We are also requesting quantitative evaluations describing the quality and extent of marine habitats for juvenile and adult black abalone as well as information on areas that may qualify as critical habitat for black abalone in California. Areas that include the physical and biological features essential to the recovery of the species should be identified. We recognize that there are areas within the proposed boundaries of black abalone that historically contained black abalone habitat, but may not be currently occupied by black abalone. For areas potentially qualifying as critical habitat, we are requesting information describing: (1) the activities that affect the area or could be affected by the designation; and (2) the economic costs and benefits of additional requirements or management measures likely to result from the designation. The economic cost to be considered in the critical habitat designation under the ESA is the probable economic impact “of the [critical habitat] designation upon proposed or ongoing activities” (50 CFR 424.19). Economic effects attributable to listing include actions resulting from section 7 consultations under the ESA to avoid jeopardy to the species and from the take prohibitions under section 9 of the ESA. Where possible, comments concerning economic impacts should distinguish the costs of listing from the incremental costs that can be directly attributed to the designation of specific areas as critical habitat.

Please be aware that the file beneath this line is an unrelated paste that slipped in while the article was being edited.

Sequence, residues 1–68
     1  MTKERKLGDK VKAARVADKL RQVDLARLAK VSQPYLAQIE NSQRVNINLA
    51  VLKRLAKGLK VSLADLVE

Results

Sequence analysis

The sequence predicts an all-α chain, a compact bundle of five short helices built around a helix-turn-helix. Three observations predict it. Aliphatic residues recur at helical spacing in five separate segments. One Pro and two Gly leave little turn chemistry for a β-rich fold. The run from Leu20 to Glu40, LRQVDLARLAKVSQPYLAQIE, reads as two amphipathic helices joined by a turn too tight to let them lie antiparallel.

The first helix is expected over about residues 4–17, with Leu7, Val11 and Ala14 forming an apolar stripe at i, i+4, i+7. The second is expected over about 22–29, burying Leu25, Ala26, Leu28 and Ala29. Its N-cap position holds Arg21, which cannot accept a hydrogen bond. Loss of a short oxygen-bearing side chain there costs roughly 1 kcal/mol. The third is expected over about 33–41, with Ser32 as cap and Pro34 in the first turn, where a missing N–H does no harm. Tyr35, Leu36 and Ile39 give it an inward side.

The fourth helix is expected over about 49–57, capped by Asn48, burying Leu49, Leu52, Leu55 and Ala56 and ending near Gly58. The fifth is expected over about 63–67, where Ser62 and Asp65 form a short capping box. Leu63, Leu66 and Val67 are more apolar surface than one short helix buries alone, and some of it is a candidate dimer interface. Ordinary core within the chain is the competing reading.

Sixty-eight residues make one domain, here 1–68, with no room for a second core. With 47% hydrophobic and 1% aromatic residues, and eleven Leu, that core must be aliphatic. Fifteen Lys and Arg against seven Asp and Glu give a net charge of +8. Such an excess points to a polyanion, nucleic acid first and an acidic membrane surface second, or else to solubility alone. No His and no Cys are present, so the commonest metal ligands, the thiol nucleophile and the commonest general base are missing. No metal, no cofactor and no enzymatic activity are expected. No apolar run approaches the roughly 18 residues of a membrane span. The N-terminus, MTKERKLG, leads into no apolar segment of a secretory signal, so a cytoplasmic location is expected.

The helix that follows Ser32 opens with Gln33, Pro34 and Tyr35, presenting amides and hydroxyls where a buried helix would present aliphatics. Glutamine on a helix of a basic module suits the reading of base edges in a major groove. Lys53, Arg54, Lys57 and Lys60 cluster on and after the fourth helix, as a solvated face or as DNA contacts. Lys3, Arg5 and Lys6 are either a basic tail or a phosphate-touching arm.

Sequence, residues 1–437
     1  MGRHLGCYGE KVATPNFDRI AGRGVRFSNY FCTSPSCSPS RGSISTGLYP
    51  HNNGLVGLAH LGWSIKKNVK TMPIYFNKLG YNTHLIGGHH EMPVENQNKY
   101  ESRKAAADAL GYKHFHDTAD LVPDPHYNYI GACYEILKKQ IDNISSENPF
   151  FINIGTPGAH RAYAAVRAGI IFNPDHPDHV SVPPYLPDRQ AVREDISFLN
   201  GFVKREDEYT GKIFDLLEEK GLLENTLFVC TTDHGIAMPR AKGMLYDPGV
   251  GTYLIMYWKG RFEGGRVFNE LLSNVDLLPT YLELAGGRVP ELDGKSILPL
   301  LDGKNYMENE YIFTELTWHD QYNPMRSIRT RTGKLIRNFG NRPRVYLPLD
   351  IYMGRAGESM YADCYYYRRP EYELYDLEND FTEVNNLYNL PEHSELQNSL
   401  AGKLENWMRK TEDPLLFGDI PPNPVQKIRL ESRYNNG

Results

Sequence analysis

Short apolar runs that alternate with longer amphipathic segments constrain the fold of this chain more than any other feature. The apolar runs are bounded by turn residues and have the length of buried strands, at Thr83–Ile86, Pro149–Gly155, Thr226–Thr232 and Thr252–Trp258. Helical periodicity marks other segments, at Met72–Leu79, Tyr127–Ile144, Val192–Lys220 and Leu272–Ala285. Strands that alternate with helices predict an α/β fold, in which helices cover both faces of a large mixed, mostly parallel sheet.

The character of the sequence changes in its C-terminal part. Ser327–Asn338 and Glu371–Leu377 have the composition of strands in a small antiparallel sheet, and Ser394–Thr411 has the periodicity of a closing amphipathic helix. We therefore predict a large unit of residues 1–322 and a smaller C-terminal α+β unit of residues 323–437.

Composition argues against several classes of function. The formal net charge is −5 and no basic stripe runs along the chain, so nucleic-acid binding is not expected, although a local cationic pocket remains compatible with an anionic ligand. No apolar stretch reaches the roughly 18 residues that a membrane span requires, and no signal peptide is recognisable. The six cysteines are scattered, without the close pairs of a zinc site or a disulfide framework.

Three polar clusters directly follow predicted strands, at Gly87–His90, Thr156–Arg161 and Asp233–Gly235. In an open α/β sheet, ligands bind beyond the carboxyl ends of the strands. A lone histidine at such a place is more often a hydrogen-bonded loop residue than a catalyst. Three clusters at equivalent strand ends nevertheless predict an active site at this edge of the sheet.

We will review all public comments and any additional information regarding the status of, and critical habitat for, black abalone in developing a final listing determination and a proposed critical habitat designation.

Public Hearings Back to Top

If requested by the public by February 25, 2008, hearings will be held in several locations within the range of black abalone. If hearings are requested, details regarding locations, dates, and times will be published in a forthcoming Federal Register notice.